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The Hay Festival comes to the bucolic Irish town of Carlow in Ireland

Vidya Shah
April 02 , 2014
04 Min Read

Radu comes to fetch me at the airport as I arrive in Dublin by Aer Lingus, in a rather battered looking car. I get in and realise it’s nothing less than a pigsty, or a cow shed, if you like; the smells are strong, but the car is dirty in a charming, acceptable sort of way. Not knowing what this was all about I looked at the dishevelled twenty-something with a bit of suspicion and nervousness. He gives me a bright smile and tells me that the drive to the ‘estate’ will take about 45 minutes. I was going to be on an estate! Invited to perform at the first edition of the Hay Festival in Carlow, this rugged start to my trip was unconventional and exciting.

During the drive I am told that I will be staying at the Knockmaroon Estate, which I realised later is one of the estates of the Guinness Family! Vivienne (who is the co-curator of the festival) and Keiran Guinness (the grandson of Arthur Guinness, the founder of the Guinness Brewery), their wonderful children and their Romanian caretakers, Radu and his wife Andrea, are my gracious hosts.

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The estate is located in Castleknock (‘Cnucha’s Castle’), eight kilometres west of the centre of Dublin. Now a suburb, Castleknock was once a rural village in western County Dublin until the late 1960s, when the first housing estates began to be developed.

 The audience awaits the next reading at The Chapel in Borris House. Dublin city itself is a short fifteen-minute cab ride from the estate, a city that is a lot of things at the same time. Vibrant, buzzing with young energy, jaded, new — a contrast to the rest of Ireland, which is relatively more laidback. A bit of walking around and, despite the large crowds, you can sense an older, poorer city as you would in other parts of Europe. The spirit of Dublin has its contradictions too, youthful energy set against deeply embedded traditionalism. I couldn’t help noticing that the older ones in the pub were happy with their pints of Guinness while the younger seemed to go for the newer ales and ciders! In these legendary and plentiful bars the air is one of garrulous sociability mingled with the love for banter — one that made me very comfortable given the Indian sensibility of “how friendly we are as a people”.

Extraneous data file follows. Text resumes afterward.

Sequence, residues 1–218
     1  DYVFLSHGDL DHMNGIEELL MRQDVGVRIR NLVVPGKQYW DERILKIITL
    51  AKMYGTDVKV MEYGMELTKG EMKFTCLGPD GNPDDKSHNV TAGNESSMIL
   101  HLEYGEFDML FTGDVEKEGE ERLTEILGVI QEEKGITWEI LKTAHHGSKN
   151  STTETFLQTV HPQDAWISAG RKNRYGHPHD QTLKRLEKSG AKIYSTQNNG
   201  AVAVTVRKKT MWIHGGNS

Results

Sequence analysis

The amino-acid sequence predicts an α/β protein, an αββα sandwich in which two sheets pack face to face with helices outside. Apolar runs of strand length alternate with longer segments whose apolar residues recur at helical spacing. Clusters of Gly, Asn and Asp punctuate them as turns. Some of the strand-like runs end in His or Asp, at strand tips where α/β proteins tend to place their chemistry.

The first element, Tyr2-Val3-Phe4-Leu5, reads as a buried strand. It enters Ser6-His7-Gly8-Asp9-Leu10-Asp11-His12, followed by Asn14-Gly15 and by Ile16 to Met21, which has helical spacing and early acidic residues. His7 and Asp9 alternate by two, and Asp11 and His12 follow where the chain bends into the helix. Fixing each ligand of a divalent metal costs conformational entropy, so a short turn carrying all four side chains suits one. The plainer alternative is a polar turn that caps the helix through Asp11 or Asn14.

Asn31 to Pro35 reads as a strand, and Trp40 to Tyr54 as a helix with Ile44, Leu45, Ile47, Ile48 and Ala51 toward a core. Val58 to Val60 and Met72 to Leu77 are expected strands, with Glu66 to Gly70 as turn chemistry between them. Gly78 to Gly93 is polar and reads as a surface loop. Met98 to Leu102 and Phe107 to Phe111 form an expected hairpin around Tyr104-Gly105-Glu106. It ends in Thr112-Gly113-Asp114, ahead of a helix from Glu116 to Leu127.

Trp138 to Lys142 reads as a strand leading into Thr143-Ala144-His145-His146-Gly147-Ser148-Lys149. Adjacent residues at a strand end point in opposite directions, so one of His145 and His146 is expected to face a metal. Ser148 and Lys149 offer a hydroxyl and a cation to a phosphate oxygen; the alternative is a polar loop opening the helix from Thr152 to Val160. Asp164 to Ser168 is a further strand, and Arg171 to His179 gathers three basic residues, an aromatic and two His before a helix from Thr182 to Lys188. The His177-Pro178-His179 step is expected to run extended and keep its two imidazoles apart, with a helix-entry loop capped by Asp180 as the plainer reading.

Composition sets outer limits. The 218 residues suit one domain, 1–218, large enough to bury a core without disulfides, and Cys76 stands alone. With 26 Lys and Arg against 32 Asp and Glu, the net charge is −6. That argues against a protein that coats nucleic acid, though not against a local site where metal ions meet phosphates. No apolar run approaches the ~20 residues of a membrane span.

But it is the trip to Carlow that I am really excited about! Carlow (Irish: Ceatharlach, ‘place of cattle’) is situated in the south-east of Ireland, 84km from Dublin. And it is here, at the Borris House, that artistes and writers have collected from various continents to be a part of the debut of a collaboration with the world-renowned Hay Festival. The Festival brought together leading international writers with well-known Irish scribes for a two-day celebration of talk, memoir, fiction, debate, film, comedy, performance and reading. The festival here was part of the Éigse Carlow Arts Festival. Éigse is the plural of ‘Éigeas’ (Irish for poetry gathering) — the focus on poetry and the Irish language with which the festival began a few years ago.

 Borris House is foremost a home, lived in by the Kavanaghs, former Celtic kings, for the past 550 years; the family — three generations of them — continue to live there. Both the house and family are steeped in Irish history. Considered to be one of the finest houses in Ireland, it is stunningly elegant and has great charm. Adorned with family portraits and antique furniture, and warmed by log fires, the house is now a tourist spot, also rented out for weddings and tours — but all done tastefully and with understated élan. The Kavanaghs make sure that us participants are treated well with wonderful beers, great wine and excellent food.

 It is June, a time of beautiful sunny days, and the crowds which have gathered for the festival savour the beautiful panoramic view of the countryside. I attended some very interesting sessions, including one by Anthony Grayling on his The Good Book — The Secular Bible, from the pulpit of the Parish, and the travel stories and experiences of writers such as Katie Hickman and Lionel Shriver as part of the ‘5x15 stories’ series. My own session was with author William Dalrymple on his book The Last Mughal. The performance, which outlines the saga of the 1857 struggles, seemed to strike a deep chord with my largely Irish audience: at the end of the show, many remarked that the Irish needed to come up with a similar version of this performance after what the British did to them!


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